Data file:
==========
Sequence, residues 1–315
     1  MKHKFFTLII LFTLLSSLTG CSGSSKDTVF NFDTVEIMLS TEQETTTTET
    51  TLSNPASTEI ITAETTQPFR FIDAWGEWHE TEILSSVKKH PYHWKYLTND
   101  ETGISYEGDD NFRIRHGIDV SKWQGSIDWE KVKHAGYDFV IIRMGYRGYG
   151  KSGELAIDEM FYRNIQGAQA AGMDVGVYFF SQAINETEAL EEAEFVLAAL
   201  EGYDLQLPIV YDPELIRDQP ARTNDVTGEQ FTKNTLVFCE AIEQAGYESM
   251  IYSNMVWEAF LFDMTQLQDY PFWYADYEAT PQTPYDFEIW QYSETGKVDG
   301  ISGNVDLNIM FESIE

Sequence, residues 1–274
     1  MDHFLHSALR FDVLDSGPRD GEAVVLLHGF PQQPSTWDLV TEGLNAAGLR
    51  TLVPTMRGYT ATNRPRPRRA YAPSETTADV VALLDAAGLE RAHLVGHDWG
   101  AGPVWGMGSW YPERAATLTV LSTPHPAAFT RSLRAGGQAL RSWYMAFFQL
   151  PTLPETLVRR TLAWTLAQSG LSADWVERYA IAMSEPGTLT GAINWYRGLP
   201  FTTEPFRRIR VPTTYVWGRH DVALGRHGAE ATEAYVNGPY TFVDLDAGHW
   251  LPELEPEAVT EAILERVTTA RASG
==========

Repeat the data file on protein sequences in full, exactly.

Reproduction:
Sequence, residues 1–315
     1  MKHKFFTLII LFTLLSSLTG CSGSSKDTVF NFDTVEIMLS TEQETTTTET
    51  TLSNPASTEI ITAETTQPFR FIDAWGEWHE TEILSSVKKH PYHWKYLTND
   101  ETGISYEGDD NFRIRHGIDV SKWQGSIDWE KVKHAGYDFV IIRMGYRGYG
   151  KSGELAIDEM FYRNIQGAQA AGMDVGVYFF SQAINETEAL EEAEFVLAAL
   201  EGYDLQLPIV YDPELIRDQP ARTNDVTGEQ FTKNTLVFCE AIEQAGYESM
   251  IYSNMVWEAF LFDMTQLQDY PFWYADYEAT PQTPYDFEIW QYSETGKVDG
   301  ISGNVDLNIM FESIE

Sequence, residues 1–274
     1  MDHFLHSALR FDVLDSGPRD GEAVVLLHGF PQQPSTWDLV TEGLNAAGLR
    51  TLVPTMRGYT ATNRPRPRRA YAPSETTADV VALLDAAGLE RAHLVGHDWG
   101  AGPVWGMGSW YPERAATLTV LSTPHPAAFT RSLRAGGQAL RSWYMAFFQL
   151  PTLPETLVRR TLAWTLAQSG LSADWVERYA IAMSEPGTLT GAINWYRGLP
   201  FTTEPFRRIR VPTTYVWGRH DVALGRHGAE ATEAYVNGPY TFVDLDAGHW
   251  LPELEPEAVT EAILERVTTA RASG